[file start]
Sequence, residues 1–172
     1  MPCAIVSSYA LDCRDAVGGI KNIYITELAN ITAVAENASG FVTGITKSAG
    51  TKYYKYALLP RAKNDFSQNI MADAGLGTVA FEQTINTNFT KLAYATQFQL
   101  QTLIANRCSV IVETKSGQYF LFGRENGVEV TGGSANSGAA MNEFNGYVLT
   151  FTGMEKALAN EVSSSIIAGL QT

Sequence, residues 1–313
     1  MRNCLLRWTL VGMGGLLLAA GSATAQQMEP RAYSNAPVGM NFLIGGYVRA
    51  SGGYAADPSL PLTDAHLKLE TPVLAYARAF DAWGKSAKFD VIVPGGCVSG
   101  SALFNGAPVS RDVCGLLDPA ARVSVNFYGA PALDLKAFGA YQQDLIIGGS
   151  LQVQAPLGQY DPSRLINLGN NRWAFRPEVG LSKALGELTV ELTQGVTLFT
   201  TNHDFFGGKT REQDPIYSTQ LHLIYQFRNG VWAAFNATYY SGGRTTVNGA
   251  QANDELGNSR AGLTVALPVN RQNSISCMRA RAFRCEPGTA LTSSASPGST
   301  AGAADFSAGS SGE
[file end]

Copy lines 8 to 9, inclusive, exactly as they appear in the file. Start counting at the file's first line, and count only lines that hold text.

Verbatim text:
    51  SGGYAADPSL PLTDAHLKLE TPVLAYARAF DAWGKSAKFD VIVPGGCVSG
   101  SALFNGAPVS RDVCGLLDPA ARVSVNFYGA PALDLKAFGA YQQDLIIGGS